Archive | Thinking Interdependently RSS for this section

5 Ways to Ace Your Speech

The empty lecture theatre doesn’t seem to scary, does it? What about when it’s full of unreasonable students, and you’re supposed to give a presentation to them in 10 minutes? Changes the situation a bit, doesn’t it? Following on from a few weeks ago, this week, we’re looking at the speech itself, in 5 ways to ace your speech.

  1. Write Your Speech

    Try to do it a week beforehand. This way, you’ll be thinking about it, and you’ll see any flaws, or improvements, long before it’s too late. This doesn’t mean start rehearsing right now, as you’ll probably find yourself remembering a few bits now and then anyway.

  2. Start Practicing

    But only one or two days before you’re due to give the presentation. Will you need to remember it in a few months? No? Then cram. Not only will it be fresh in your mind, but you won’t spend ages worrying about the way you pronounce words, or how long you should pause between topics. The less you think, you less you worry. Which leads us to…

  3. Don’t Think About It

    Giving a speech is a pretty autonomous task. The less you worry about it before, and during the presentation, the more calm and relaxed you will be, at least on the outside. The time to question what you’ve done is after, in the evaluation stage. So kick back, and listen to everyone else sweat through there 15 minutes of fear.

  4. Practice With Everything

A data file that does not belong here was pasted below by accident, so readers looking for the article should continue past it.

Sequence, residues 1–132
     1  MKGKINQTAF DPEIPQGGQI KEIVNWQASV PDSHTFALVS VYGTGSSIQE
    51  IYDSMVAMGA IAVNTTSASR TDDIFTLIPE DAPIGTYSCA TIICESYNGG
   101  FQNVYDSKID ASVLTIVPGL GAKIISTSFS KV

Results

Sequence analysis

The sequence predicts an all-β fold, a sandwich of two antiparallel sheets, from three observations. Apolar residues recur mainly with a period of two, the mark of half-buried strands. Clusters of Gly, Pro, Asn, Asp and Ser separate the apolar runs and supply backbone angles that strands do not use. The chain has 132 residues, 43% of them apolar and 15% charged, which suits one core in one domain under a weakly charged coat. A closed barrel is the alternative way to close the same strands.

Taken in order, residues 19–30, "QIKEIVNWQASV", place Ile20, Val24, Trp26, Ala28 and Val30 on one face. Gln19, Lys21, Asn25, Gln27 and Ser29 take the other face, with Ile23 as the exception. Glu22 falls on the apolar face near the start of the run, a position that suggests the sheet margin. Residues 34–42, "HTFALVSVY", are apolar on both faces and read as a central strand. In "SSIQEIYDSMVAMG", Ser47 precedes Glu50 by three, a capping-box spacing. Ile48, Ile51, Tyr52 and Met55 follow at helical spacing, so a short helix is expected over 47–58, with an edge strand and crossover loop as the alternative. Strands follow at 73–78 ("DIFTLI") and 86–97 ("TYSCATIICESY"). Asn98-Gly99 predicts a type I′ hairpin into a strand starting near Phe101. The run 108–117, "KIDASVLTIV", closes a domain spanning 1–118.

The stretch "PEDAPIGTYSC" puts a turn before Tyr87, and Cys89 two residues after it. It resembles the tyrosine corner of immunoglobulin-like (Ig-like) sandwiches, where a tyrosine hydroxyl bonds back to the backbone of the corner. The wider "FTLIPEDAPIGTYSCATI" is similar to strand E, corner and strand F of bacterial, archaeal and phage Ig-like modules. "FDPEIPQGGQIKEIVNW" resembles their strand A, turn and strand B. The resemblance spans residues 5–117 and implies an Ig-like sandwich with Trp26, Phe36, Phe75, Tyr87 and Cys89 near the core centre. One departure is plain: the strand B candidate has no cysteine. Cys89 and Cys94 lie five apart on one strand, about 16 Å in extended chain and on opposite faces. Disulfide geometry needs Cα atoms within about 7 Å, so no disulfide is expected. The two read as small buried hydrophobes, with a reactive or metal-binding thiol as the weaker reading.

Saying ‘I’ll figure out the presentation timings on the day’ will not only make you look like you’re terrible with PowerPoint, but will make your classmates, and professor, rather annoyed. Suddenly wanting to put some humour in your speech probably won’t go down well either. So if you’re planning on straying from the boring-speech-with-no-visual-cues path, make sure you know what you’re doing/

  5. Have Visual Cues

    Visual cues help everyone, you and the audience. Let’s face it, they don’t want to listen to you. By giving them a handout, PowerPoint presentation, or prop to focus on, they were more likely to at least look like they’re listening. And they will provide you with memory checkpoints, by associating parts of the text with a slide, or image.

Thanks for reading. Do you have any other tips for the rest of the world? Let us know in the comments.

Advertisements

Dress to Impress

BASIX: This section is designed for the study newbie. Sure, you’ve been at school for years, but that doesn’t mean you’ve been doing it properly. Get up to scratch here.

You probably have your own style, but as a student, there are certain unwritten rules you should follow. Teachers have an expectation of what their prize students will look like. This may not be ‘right’, or ethical, but the student who is wearing neat clothes will generally receive more leniency at the start of the relationship than the one with the mini-skirt and sleeveless t-shirt. It is all about the impression you set when you walk through that door. You will also be set for the future, where you will be required to dress neatly for people to take you seriously. These sort of clothes are usually more comfortable as the day goes on, as well. Read More…

An Introduction: Habits of Mind

I first came across the Habits of Mind when I began high
school. They are an integral part of our education, and I firmly
believe they help students reach their full potential, whether they
realize it or not. Although the Habits of Mind are mocked by
students, the teachers persist in using them in assignments and
lessons, and they eventually reach students. Habits of Mind are not
a quick-fix solution like dieting pills and any product you may see
on any current affairs program. They are meaningful tools that
require effort to make an impact. Like any worthwhile solution, you
should not approach the Habits of Mind as a simple get-smart-quick
scheme. You need to be prepared to put the effort into learning,
incorporating and noticing the Habits.

Read More…